Farmania: Scott's estate sells for...?
With the recently announced sale of 1,800-acre Albemarle estate Bundoran Farm and neighboring 400-acre Carpenter Farm to New Hampshire-based Qroe Farm Preservation Development, there's plenty of talk about what will happen to the properties, located on Plank Road between Batesville and North Garden. But there may be even more buzz about the yet-to-be-disclosed selling price.
At a press conference on Friday, March 3, Bundoran owner Fred Scott explained his decision to sell now– as opposed to having it sold at a public auction after his death as he says his will had originally prescribed.
"Land is weird," he said. "It gets in your soul."
Scott said he and his family, who also own Carpenter Farm, were receiving "three or four" offers a year from developers. But he said he never seriously considered any until Qroe approached him late last year.
"The terms were so respectful of my family and my work," he said, citing Qroe's history of "conservation" on its eight or nine projects in New England, in which it typically protects 80 percent of the acreage and encourages on-site farming.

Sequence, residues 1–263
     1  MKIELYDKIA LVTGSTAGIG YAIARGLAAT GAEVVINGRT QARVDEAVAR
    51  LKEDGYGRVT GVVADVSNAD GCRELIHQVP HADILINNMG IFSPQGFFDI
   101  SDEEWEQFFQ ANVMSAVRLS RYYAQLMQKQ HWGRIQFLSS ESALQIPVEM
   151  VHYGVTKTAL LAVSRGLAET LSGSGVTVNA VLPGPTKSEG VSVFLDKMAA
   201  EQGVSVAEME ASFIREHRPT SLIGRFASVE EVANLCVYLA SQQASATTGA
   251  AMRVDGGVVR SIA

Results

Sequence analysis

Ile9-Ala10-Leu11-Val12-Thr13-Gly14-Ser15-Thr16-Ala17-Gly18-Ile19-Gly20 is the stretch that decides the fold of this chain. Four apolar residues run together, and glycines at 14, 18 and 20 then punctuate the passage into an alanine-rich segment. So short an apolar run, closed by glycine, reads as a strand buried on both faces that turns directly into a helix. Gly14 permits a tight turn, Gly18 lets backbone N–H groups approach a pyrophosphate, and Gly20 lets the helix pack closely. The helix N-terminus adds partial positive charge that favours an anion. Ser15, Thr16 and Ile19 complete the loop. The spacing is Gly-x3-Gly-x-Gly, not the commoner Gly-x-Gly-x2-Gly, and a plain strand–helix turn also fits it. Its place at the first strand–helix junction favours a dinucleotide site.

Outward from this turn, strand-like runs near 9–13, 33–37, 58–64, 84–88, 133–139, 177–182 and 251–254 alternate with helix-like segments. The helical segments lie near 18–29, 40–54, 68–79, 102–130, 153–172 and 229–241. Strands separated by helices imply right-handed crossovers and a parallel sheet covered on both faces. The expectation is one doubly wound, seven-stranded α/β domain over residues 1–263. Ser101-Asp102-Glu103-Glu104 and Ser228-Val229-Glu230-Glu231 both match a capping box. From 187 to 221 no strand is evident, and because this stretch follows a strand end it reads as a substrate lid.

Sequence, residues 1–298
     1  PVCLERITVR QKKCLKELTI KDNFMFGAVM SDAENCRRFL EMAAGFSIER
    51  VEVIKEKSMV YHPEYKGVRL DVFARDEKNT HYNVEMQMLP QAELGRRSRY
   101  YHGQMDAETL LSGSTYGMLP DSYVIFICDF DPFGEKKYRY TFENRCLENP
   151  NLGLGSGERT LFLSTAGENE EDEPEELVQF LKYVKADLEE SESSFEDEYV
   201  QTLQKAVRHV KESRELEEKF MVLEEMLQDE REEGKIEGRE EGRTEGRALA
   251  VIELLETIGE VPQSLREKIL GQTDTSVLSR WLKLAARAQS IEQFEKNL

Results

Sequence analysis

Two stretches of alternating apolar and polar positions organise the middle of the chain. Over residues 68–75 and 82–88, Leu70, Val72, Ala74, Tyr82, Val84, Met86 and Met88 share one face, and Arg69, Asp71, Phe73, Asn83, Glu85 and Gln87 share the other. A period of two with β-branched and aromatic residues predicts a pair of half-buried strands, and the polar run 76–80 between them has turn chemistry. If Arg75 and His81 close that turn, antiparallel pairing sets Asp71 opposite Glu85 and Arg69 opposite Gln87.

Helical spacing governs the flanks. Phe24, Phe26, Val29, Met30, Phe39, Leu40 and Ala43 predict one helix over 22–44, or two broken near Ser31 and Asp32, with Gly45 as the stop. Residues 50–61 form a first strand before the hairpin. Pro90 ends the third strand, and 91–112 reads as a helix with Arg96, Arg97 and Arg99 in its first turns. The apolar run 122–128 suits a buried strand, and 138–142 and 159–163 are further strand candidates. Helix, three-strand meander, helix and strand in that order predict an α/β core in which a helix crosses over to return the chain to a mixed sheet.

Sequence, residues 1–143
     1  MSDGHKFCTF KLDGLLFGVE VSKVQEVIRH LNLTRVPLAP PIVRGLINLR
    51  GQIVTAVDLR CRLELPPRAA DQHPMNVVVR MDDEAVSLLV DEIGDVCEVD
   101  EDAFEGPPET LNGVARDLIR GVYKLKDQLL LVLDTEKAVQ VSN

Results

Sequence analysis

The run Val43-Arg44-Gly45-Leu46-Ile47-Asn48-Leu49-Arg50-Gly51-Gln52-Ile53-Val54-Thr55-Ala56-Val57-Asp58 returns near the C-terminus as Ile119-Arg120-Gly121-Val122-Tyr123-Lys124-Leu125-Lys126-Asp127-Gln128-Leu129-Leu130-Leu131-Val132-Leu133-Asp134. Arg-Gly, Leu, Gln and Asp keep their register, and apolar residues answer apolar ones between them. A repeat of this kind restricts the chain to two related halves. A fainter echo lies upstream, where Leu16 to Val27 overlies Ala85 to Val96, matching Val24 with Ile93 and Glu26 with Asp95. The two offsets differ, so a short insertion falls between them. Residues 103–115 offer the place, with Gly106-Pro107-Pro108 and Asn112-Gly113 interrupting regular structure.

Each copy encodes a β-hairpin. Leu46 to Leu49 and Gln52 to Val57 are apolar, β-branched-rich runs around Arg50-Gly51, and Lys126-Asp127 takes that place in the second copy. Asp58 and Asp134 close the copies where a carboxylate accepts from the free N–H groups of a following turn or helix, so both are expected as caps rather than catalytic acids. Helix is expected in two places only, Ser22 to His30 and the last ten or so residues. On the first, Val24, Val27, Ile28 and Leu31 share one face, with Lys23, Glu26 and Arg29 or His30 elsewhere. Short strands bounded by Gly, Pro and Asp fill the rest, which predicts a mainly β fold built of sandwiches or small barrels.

Qroe founder Bob Baldwin said his company will study the land before deciding how many parcels to sell off and where homesites should be located.
"We'll look at what agricultural uses there are that need to be not just protected," said Baldwin, "but perpetuated."
And what about that price?
"We're not revealing that at this time," said Baldwin, pointing out that the deal won't actually close until May.
Judging from the asking prices of other Albemarle estates, there's little doubt that Bundoran might be one of the priciest transactions in Albemarle history.
Mirador, a 189-acre Albemarle estate was listed for sale in 2003 for $14.5 million. And the 1,622 acres of Chapel Springs Farm in Free Union were available at the same time to anyone with $19.5 million to spare. Neither property has sold.
Further away from town, nearly 400 acres near Covesville are currently on the market for $6 million– about $15,000 per acre. If Scott used a similar calculation, his 2,200 acres might have fetched more than $30 million.
Scott only says cagily that he took "less than I could have gotten."
MAP COURTESY OF QROE
PHOTO COURTESY OF QROE